Learn more: Common Construction Risks (and how to manage them)

2. Assess impact

After identifying risks on the project, the next step is to determine the frequency, probability, and severity of these potential risks. This involves asking several questions:

  • "What is the worst that could happen?"
  • "What is the likelihood of that event?"
  • "How much would we lose if it occurred?"

During the assessment of the project, the company determines the probability of a loss event and the severity of the damages.

Recording tracking project and financial data is a key component of assessing risk. The more historical data a company has to analyze, the more accurate its risk assessment will be. A contractor bidding on their first hospital project will have a much less accurate picture of their risk than a contractor with ten years of performance, safety, and financial reports on hospital projects.

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3. Prepare a response

A company has four potential responses to an identified risk: accept it, avoid it, control it, or transfer it.

  • Accept the risk: Certain risks are deemed acceptable — the cost of pursuing a valuable opportunity.
  • Avoid the risk: This may involve changing the scope of work or declining the contract entirely.
  • Control the risk: A business can implement measures to reduce the likelihood of a loss event, and/or mitigate its impact on the company. For example, a contractor may choose to protect lien rights with high-risk customers, or on projects of a certain size to reduce the impact of a missed payment.
  • Transfer the risk: A contractor can pass the risk on to another party through the construction contract or with an insurance program.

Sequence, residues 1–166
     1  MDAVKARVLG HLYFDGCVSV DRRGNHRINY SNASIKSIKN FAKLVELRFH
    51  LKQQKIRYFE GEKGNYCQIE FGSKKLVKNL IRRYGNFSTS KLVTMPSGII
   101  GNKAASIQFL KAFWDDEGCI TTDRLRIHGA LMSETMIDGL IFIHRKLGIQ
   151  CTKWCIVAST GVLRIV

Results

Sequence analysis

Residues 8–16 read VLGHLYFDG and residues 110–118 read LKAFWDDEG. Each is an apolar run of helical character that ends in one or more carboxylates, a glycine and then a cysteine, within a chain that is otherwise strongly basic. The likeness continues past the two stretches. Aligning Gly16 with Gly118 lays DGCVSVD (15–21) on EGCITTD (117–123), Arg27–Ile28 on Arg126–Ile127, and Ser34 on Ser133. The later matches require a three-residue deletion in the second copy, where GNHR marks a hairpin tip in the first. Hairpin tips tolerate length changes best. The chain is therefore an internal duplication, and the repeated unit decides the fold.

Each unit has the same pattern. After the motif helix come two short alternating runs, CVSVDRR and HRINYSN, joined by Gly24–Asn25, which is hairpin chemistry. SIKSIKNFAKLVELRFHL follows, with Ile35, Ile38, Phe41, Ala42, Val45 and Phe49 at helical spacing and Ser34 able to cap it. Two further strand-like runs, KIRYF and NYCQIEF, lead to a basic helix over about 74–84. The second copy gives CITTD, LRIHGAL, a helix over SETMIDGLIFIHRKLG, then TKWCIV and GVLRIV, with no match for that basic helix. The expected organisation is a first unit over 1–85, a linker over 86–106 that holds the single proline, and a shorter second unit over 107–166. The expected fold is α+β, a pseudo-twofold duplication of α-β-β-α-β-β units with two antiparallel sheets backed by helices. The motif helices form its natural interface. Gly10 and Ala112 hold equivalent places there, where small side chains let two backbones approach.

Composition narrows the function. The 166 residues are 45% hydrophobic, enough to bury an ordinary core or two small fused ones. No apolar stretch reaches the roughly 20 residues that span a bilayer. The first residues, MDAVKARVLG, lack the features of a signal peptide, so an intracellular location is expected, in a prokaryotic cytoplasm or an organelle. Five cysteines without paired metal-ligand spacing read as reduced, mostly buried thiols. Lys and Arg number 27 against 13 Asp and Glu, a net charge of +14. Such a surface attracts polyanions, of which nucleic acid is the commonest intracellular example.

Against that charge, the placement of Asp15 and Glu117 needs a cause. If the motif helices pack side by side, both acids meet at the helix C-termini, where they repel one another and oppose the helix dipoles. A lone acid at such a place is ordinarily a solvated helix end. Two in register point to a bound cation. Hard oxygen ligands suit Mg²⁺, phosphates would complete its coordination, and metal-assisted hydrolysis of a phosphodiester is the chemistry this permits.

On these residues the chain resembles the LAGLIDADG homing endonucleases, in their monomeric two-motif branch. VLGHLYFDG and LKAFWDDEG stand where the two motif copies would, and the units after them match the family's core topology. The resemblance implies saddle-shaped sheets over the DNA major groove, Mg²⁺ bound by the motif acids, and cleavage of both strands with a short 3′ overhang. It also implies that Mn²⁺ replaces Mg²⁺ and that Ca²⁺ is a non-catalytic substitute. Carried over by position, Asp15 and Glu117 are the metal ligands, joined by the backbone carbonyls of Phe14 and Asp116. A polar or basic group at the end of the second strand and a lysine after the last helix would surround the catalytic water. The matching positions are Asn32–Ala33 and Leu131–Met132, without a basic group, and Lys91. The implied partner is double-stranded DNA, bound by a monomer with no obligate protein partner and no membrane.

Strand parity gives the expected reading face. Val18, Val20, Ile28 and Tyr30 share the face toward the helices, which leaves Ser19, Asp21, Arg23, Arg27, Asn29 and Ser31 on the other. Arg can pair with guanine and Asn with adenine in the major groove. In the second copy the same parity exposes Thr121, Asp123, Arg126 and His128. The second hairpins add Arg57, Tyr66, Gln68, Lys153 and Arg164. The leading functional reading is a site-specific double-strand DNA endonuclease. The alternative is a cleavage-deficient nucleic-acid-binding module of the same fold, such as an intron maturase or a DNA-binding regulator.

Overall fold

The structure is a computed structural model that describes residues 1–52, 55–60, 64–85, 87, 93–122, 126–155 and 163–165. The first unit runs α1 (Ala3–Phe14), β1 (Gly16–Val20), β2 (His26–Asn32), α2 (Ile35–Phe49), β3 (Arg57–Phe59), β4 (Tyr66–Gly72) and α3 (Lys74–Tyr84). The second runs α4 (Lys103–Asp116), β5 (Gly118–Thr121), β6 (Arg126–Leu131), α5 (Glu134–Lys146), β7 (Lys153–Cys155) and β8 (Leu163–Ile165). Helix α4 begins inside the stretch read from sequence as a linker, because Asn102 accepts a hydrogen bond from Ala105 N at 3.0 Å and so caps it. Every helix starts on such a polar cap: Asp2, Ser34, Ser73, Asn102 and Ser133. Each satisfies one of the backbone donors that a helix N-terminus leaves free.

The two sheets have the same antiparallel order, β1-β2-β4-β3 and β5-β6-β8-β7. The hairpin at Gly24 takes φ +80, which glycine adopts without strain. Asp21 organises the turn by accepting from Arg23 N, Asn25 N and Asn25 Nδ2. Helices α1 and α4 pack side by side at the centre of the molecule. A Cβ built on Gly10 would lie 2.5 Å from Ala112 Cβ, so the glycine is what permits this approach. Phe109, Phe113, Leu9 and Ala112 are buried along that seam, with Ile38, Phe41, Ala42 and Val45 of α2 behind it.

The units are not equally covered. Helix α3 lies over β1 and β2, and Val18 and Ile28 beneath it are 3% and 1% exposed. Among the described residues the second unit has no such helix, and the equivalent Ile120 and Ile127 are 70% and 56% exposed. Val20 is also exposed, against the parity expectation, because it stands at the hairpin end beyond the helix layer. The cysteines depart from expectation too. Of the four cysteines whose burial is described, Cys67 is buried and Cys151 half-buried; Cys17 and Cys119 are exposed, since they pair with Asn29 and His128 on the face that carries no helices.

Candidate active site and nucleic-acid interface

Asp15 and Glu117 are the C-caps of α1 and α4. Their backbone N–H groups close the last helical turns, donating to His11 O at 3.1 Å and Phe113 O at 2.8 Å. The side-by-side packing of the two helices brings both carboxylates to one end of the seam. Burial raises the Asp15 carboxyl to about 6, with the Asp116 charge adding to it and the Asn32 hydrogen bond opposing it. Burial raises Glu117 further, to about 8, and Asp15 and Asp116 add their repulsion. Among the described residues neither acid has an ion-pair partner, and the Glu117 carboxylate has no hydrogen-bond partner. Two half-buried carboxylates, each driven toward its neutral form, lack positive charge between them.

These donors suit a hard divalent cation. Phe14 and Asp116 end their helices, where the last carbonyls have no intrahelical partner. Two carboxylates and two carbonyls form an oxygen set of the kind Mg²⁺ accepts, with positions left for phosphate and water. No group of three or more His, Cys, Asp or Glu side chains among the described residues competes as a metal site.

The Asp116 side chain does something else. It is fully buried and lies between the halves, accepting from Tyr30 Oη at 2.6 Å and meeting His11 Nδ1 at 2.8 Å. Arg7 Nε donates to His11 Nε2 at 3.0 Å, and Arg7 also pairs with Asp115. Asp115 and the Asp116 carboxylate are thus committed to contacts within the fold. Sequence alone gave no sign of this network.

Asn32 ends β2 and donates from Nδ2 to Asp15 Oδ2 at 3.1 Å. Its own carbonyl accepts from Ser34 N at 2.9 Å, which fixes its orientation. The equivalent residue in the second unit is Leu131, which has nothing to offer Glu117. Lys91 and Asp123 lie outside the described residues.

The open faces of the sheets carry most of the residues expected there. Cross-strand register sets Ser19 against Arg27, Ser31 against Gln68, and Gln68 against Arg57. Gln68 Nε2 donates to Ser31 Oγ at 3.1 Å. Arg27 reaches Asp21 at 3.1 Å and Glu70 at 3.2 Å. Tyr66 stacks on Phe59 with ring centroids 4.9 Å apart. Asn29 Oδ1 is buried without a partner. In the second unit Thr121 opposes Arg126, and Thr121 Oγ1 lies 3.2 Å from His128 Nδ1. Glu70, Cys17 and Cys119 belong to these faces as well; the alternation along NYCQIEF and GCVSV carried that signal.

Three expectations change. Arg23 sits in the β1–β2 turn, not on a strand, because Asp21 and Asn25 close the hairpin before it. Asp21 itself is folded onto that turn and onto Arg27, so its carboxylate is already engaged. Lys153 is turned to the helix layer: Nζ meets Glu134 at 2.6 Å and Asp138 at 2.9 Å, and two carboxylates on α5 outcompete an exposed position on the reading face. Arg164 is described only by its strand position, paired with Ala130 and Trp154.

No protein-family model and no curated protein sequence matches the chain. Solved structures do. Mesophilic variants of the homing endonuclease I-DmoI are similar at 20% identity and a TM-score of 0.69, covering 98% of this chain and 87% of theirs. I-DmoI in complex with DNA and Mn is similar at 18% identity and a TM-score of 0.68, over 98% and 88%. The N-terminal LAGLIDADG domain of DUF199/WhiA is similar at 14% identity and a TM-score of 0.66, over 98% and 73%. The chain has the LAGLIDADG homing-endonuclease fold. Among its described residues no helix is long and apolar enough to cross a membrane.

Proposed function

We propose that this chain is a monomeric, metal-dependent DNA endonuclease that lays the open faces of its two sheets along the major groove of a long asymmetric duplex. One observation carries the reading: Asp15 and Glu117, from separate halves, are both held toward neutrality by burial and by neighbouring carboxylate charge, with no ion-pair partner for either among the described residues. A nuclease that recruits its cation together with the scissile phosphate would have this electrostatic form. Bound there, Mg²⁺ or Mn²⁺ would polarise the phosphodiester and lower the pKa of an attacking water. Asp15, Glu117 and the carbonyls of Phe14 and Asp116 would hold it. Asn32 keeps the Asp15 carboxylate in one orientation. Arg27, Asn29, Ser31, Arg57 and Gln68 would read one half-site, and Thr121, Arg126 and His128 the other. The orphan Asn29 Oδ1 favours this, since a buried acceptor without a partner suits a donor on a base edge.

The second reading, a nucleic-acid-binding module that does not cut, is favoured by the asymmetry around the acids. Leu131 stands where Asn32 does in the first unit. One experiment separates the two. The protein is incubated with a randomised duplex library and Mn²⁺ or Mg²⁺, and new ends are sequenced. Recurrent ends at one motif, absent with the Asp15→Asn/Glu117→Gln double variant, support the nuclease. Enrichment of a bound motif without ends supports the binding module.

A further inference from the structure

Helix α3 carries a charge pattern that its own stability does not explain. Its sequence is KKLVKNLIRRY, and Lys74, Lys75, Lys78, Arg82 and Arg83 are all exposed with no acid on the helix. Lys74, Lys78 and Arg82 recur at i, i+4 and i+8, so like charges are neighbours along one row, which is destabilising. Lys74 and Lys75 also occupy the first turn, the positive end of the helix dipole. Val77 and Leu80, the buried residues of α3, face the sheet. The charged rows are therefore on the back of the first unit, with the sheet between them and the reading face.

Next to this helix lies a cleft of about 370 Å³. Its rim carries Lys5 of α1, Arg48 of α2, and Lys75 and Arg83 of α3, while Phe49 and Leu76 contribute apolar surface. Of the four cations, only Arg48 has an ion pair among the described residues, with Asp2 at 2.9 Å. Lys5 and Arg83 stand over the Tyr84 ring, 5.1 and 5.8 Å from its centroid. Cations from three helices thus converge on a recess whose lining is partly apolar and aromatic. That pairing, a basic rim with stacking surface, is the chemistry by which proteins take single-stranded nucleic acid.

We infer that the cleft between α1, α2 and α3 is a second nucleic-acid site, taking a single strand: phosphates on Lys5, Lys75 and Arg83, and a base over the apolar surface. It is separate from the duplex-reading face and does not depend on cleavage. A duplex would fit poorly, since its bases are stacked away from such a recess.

4. Recover losses

When a loss occurs, the company should seek to recover damages and limit. Loss recovery and mitigation can take a number of different forms, including:

  • Filing an insurance claim
  • Filing a mechanics lien or payment bond claim
  • Sending accounts to collections
  • Filing a lawsuit
  • Declaring bankruptcy

A construction company's risk management program should include policies and procedures for loss prevention and recovery when needed.

5. Review results

Contractors need to conduct periodic reviews of their risk management program — analyzing both successes and failures — and update the process with lessons learned.

Construction risk management is a process that requires constant improvement. Any risk management program should adapt to reflect past performance as well as changes in the industry overall. The landscape of risk in construction today looks much different than it did even ten years ago. The building industry of tomorrow will bring new risks — and new strategies to manage and mitigate them.


Risk Management



Written by

Dawn Killough

33 articles

Dawn Killough is a writer with over 20 years of experience in construction, having worked as a staff accountant, green building advisor, project assistant, and contract administrator. She shares fundamental green building strategies and techniques in her book, Green Building Design 101. Dawn lives in Portland, Oregon.